|IRONWOOD DAILY GLOBE
August 11, 1936 page
Colonists Hope For Statehood
Dream of Many Conflicts With
Discontent of Others in Valley.
Aug. 11--(AP)--Alaska as the 49th state,
with the Matanuska colony one of the foundation stones, is the dream
of many of this green and fertile valley's modern pioneers.
At the other extreme of views here
is an undoubted current of discontent and dissatisfaction with the
"corporation," discontent which in the first 15 months of the
colony's existence has sent one out of every four families back to
their middle western homes.
The divergent views fail to
interrupt the busy life of the colony. The "newness" has not
worn off the cabins and buildings and the carefully laid-out
community center. Crops are flourishing and livestock herds
increasing in number.
President Charles E. Bunnell, of
the University of Alaska urged statehood as the colonists' goal in a
"That should be your aim," he told
an outdoor assembly.
In Producing Phase
"But how can people hope for
statehood without the ability to feed themselves? One dollar's worth
of goods produced, in this territory is worth many dollars' worth of
some other resource.
"You are building for big things."
The colony, in the words of Ross L.
Shelly, general manager, has reached the "producing and processing
phase" after passing through the "construction period." It was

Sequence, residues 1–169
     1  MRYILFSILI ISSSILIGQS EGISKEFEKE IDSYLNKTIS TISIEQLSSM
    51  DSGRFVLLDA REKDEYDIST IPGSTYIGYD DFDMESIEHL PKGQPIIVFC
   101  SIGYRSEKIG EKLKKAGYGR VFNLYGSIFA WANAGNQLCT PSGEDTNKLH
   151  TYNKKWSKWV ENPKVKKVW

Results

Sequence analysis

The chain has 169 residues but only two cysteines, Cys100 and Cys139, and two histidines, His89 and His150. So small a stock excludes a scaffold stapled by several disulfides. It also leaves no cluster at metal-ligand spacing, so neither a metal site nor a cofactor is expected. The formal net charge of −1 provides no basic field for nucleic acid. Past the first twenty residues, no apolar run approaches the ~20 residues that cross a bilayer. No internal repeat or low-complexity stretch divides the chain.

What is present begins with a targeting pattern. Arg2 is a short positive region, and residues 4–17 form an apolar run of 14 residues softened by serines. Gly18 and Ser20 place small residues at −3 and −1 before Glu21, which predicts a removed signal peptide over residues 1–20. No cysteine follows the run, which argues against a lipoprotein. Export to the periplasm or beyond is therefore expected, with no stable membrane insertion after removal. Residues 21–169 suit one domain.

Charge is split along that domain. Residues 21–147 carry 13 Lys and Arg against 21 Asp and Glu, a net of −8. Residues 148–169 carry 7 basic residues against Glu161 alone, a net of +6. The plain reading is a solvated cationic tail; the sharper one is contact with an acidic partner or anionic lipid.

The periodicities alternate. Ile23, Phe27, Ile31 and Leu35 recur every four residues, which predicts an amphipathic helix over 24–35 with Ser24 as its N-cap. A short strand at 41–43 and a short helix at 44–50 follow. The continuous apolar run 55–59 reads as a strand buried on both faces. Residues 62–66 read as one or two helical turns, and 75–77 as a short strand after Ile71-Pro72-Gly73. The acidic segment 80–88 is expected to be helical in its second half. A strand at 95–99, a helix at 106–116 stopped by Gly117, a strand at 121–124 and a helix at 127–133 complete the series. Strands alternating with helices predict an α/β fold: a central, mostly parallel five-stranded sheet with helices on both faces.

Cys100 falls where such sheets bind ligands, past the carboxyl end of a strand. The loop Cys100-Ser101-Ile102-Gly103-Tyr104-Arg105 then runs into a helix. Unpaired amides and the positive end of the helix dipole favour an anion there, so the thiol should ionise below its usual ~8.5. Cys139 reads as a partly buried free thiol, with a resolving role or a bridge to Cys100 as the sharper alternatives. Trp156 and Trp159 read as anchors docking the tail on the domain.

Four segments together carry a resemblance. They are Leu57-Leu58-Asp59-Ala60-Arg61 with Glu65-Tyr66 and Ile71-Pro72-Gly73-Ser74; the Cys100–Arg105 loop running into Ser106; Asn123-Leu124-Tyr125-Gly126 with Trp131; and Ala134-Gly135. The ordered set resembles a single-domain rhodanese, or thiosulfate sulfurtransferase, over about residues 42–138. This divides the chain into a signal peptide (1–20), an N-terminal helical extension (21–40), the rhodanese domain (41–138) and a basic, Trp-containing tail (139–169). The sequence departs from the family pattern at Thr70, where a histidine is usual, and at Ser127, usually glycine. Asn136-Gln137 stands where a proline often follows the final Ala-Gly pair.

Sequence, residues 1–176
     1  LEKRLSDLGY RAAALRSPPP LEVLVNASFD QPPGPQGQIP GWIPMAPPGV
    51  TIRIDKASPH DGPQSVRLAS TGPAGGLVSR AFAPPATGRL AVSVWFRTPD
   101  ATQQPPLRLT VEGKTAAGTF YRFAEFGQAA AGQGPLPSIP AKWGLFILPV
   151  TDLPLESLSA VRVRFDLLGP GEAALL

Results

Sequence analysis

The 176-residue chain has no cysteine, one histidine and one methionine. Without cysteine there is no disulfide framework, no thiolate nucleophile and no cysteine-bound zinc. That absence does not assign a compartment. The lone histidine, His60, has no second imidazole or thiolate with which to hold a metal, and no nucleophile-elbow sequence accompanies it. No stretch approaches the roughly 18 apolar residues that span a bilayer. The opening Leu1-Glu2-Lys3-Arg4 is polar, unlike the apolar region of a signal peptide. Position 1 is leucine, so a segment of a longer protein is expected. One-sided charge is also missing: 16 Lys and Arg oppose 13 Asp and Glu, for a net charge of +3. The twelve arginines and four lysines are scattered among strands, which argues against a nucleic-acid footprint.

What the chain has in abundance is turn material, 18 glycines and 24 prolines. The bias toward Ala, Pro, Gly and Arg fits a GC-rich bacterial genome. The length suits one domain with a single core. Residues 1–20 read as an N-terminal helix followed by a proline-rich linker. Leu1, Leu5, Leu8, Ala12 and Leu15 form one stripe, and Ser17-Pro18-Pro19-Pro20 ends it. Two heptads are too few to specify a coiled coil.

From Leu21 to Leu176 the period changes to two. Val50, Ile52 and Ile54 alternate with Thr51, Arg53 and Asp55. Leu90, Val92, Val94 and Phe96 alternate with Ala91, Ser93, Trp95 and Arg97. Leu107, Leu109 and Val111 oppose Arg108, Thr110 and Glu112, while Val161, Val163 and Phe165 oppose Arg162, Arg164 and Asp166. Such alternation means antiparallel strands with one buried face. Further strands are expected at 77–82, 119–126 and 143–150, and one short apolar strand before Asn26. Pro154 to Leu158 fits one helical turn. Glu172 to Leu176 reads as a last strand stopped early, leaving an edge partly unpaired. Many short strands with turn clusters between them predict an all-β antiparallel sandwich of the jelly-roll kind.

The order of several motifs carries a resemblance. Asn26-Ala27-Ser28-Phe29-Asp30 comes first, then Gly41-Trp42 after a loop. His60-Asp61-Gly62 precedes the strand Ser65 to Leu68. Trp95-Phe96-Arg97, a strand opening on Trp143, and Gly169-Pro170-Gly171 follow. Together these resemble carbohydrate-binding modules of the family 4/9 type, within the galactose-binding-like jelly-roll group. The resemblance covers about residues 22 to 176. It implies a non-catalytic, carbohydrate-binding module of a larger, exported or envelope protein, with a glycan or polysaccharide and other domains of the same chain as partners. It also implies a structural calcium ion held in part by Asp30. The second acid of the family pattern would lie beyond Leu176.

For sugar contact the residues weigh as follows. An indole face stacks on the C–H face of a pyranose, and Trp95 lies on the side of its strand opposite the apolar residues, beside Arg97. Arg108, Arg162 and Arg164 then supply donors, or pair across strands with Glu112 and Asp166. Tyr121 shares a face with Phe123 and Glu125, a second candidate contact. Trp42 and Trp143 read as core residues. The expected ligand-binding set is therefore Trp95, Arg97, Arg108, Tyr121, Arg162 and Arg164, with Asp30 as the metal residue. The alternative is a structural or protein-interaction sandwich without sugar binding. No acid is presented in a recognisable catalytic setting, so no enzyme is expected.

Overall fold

15 months ago yesterday that the first colonists arrived here,
fleeing from a drought-stricken middle-west.
At present colonists are engaged in
the sale of crops. Next week some of them will go to the
mountains for the hunting season.
Starting September 4 a four-day
agricultural fair will be held. The new Anchorage-Matanuska
highway will be opened the first day.
The truck garden raised by Walter
Pippel, formerly of St. Paul, Minn. has been a "show spot" in this
section of the colony. Since the first of June, Matanuska
produce has been on sale at Anchorage, 34 miles south of here.
Model Center Built
"We have accomplished a great deal
since our arrival," Shelly said today.
For example, a model community
center, as well as homes, barns and chicken houses for 173 families
have been built. The community center houses a modern school,
hospital, recreation hall, trading post, warehouse, power plant,
creamery, canning plant and repair shops and quarters for the
"Except for the schoolhouse and the
recreation hall, the building will be entirely self-liquidating
through rental and use charges.
"Most of the unadjusted colonists
have returned to the United States. There is a ready market in
Alaska for all these people can produce."
On the other hand, some discontent
remains among the colonists and finds voice, anonymously.
One colonist had said he believed there was as much dissatisfaction
and discontent now as a year ago, but that because the colonists are
more scattered, some several mules from the community's center,
there has been no organized opposition such as appeared last summer.
Complain of Mismanagement
The discontent is based on
complaints of mismanagement, such as that of colonists who had land
ready to plow this spring and it was not touched, or that other land
was not fertilized and treated with lime to cure its sourness, as
had been promised.
"Sen. Henrick Shipstead, of
Minnesota, was here only four hours and what could he, or others on
such short official visits, learn about real conditions here?" other
colonists have asked.